Straightening a shot is something that is one of the absolute fundamentals of photography post-processing, yet it’s commonly overlooked. Those of you who catch The Grid every Wednesday with Scott will no doubt be aware that it commonly pops up whenever blind photo critiques are the theme of the show.

To that end, my post for this week’s #HybridDaveTuesdays is about two correction techniques you can use in Adobe Camera Raw before you hop over to Photoshop. I’m Dave Williams, a travel photographer from London, UK, and you can catch my weekly posts right here at ScottKelby.com every #TravelTuesday—feel free to drop me a message on Instagram where I’m @Hybriddave.

It’s fair to say that, this week, I’m writing about something that’s widely considered very basic, and perhaps you’re wondering whether it’s even worth the read. Here’s why this is so important:

An image that isn’t straight, but has every other element nailed—the composition, the tones, the balance, the content—can be ruined or overlooked if it’s not straight. It’s as simple as that. A “Dutch tilt” is, of course, the exception, but a simple degree or two really can be the difference between hanging it on the wall or raising an eyebrow while giving a half-hearted “meh.”

Let’s look at using Camera Raw to straighten. The reason Camera Raw is my default choice for straightening is its ease, its accuracy, and its varied applications of the Straighten tool.

Just last week, I was in Portugal with Scott, so it seems appropriate to use one of my crooked photos from the trip, hosted by Chicki Nandoas the example.

Monserrate Palace near Sintra, Portugal.

As you can see, this shot is crooked. I’ve overlaid a grid to show that the horizon isn’t straight, and it’s having a detrimental effect on the shot because the building looks as if it’s leaning. The simplest method to correct this in Camera Raw is to hit the A key on your keyboard to access the Straighten tool.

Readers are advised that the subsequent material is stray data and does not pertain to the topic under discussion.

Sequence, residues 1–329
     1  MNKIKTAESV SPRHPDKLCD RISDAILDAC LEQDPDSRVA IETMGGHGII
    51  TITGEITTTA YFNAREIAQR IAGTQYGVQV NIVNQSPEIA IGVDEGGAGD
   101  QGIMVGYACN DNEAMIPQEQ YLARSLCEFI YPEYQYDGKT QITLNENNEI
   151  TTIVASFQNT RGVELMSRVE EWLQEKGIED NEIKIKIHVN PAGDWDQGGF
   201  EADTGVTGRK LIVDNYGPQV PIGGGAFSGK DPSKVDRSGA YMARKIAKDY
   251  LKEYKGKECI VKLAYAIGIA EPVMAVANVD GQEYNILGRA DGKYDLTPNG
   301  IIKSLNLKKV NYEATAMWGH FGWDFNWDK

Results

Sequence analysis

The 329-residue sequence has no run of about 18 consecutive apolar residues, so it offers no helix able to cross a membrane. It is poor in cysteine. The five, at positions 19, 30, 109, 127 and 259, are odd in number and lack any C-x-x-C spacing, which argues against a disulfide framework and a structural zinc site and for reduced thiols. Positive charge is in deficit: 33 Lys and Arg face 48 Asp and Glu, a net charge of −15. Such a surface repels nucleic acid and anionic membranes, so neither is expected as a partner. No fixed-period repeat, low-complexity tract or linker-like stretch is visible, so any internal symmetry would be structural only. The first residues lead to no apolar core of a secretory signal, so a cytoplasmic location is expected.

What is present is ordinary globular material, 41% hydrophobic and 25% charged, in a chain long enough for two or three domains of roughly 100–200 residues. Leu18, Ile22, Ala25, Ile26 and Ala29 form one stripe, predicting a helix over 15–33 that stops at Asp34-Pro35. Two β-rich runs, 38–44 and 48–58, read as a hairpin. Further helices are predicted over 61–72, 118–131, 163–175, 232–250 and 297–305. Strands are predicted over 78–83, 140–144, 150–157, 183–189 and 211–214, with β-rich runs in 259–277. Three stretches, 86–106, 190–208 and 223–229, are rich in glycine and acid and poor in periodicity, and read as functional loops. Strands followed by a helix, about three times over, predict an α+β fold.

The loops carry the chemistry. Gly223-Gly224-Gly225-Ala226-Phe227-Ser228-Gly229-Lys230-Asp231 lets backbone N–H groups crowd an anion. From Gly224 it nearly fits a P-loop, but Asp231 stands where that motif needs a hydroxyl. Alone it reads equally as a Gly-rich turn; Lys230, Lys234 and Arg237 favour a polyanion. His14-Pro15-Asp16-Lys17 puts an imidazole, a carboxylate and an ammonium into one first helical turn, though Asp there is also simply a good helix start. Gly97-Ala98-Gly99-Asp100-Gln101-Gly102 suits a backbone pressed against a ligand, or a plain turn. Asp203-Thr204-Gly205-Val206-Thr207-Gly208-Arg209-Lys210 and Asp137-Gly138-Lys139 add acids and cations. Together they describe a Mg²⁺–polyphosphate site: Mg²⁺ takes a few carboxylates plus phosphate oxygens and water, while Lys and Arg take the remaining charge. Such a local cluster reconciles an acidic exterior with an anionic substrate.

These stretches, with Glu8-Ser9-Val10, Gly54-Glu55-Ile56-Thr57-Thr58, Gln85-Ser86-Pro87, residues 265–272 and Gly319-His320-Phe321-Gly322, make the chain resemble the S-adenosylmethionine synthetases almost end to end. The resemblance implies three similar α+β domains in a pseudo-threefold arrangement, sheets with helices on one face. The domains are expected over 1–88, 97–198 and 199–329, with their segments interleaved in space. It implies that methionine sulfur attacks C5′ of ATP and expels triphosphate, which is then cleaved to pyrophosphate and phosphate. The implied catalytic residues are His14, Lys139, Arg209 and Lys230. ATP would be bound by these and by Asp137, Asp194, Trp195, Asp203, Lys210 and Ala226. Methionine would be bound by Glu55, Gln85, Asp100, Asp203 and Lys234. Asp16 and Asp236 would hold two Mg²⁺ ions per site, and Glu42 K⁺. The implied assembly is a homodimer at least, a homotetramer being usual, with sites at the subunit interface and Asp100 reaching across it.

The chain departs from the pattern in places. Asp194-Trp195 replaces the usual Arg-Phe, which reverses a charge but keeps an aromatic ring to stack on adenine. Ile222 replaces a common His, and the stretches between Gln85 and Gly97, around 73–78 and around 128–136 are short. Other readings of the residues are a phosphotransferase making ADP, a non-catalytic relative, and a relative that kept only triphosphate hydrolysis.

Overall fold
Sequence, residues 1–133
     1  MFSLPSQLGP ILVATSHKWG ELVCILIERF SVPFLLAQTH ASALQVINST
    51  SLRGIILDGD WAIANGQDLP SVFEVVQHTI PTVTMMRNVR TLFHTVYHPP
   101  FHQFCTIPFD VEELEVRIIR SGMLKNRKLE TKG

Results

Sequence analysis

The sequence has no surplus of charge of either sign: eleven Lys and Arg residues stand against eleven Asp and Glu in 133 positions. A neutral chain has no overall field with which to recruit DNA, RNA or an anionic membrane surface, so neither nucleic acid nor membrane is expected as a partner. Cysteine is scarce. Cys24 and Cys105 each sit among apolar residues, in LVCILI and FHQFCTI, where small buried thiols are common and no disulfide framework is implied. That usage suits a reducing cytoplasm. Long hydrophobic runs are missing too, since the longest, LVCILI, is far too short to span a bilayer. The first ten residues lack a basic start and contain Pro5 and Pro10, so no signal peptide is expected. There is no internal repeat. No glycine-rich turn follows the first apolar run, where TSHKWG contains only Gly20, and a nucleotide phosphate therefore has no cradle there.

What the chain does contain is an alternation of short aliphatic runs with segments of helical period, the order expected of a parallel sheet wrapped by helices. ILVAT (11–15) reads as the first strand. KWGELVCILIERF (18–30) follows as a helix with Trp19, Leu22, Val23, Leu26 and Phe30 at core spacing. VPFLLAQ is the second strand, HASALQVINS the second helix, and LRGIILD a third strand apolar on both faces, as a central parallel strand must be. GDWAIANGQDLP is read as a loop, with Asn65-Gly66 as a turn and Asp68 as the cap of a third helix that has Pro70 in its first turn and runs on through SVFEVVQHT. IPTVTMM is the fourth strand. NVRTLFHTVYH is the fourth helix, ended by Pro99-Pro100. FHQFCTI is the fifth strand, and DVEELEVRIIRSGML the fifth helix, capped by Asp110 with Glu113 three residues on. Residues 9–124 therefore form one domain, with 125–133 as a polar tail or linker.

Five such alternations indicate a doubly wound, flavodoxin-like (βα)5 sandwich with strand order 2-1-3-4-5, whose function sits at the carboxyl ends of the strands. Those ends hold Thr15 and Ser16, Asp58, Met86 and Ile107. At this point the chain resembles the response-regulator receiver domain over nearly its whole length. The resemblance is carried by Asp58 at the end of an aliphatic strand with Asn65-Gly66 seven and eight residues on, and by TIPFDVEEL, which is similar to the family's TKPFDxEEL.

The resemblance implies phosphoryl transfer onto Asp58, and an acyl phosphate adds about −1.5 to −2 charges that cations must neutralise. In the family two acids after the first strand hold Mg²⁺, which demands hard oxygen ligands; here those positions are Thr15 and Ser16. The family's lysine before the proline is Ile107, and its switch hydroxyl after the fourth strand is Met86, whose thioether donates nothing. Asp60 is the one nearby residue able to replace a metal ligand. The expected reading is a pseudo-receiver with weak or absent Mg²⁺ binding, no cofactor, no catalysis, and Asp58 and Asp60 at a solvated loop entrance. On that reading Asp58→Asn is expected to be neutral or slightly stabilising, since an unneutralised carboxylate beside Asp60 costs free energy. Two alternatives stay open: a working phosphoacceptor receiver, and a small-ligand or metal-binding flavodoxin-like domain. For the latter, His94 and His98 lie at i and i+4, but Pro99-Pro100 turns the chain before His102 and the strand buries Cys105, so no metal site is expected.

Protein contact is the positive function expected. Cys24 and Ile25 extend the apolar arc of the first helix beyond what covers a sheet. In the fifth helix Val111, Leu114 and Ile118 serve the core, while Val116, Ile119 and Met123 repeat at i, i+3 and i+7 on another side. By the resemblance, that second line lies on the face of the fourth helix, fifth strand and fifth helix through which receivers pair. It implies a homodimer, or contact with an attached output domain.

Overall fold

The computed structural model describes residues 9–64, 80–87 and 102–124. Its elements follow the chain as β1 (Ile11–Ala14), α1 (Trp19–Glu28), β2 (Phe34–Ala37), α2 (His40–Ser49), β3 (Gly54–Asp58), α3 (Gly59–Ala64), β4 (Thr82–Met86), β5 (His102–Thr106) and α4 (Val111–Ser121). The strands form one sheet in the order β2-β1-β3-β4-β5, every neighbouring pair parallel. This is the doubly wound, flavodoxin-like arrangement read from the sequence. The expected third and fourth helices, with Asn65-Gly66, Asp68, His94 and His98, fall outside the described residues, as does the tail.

Straighten Tool

There are two options from here:

Option 1:

Double-click on your image. This sets the Straighten tool’s automatic process off, and the horizon will be found automatically, and your image straightened to match. This works 99.9% of the time (no scientists were consulted in order to reach this figure, but I’m probably not far off).

Option 2:

The Straighten tool changes your cursor to a kind of spirit level thing. Use this to draw on the horizon yourself, or any other horizontal line in the absence of a horizon, and the image will rotate slightly to set this as the horizon line. Hit Return (PC: Enter), and your shot will straighten.

The straightened crop, ready and waiting for you to hit Return

That’s it! Your crooked image is now straight!

n.b. If you have a bowing horizon, get yourself over to the Lens Corrections panel to fix it. ;)

I know this is so simple, but for some reason it’s so often overlooked. Let’s put it this way:

If you have a straight photo, people ignore the fact that it’s straight and enjoy the other elements of it. If you have a crooked photo, people ignore the other elements of it and focus on the fact that it’s crooked.

Still Monserrate Palace, still near Sintra, Portugal, but straight!

So, for this week, I thank you for dropping by.

Much love,

Dave

About The Author

Hybrid Dave is a travel, lifestyle and commercial photographer, a tutorial and blog writer, and a social media influencer, based in London, UK.

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